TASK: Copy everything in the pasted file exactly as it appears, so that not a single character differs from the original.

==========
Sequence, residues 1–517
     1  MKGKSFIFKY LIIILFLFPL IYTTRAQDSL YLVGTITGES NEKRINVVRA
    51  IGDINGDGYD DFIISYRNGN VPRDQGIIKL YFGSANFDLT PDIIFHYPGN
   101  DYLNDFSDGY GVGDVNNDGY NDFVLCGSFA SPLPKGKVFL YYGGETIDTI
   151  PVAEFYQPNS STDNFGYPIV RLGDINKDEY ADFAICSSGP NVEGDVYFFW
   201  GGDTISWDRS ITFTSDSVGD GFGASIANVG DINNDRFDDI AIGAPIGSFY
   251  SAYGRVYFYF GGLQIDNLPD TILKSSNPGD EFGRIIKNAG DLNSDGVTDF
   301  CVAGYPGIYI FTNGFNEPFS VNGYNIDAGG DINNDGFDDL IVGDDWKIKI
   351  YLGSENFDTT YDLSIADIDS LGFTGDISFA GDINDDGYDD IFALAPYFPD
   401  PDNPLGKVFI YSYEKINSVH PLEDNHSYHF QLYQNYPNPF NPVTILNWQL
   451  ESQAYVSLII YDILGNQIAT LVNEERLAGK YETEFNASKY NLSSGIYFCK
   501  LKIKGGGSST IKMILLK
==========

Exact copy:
Sequence, residues 1–517
     1  MKGKSFIFKY LIIILFLFPL IYTTRAQDSL YLVGTITGES NEKRINVVRA
    51  IGDINGDGYD DFIISYRNGN VPRDQGIIKL YFGSANFDLT PDIIFHYPGN
   101  DYLNDFSDGY GVGDVNNDGY NDFVLCGSFA SPLPKGKVFL YYGGETIDTI
   151  PVAEFYQPNS STDNFGYPIV RLGDINKDEY ADFAICSSGP NVEGDVYFFW
   201  GGDTISWDRS ITFTSDSVGD GFGASIANVG DINNDRFDDI AIGAPIGSFY
   251  SAYGRVYFYF GGLQIDNLPD TILKSSNPGD EFGRIIKNAG DLNSDGVTDF
   301  CVAGYPGIYI FTNGFNEPFS VNGYNIDAGG DINNDGFDDL IVGDDWKIKI
   351  YLGSENFDTT YDLSIADIDS LGFTGDISFA GDINDDGYDD IFALAPYFPD
   401  PDNPLGKVFI YSYEKINSVH PLEDNHSYHF QLYQNYPNPF NPVTILNWQL
   451  ESQAYVSLII YDILGNQIAT LVNEERLAGK YETEFNASKY NLSSGIYFCK
   501  LKIKGGGSST IKMILLK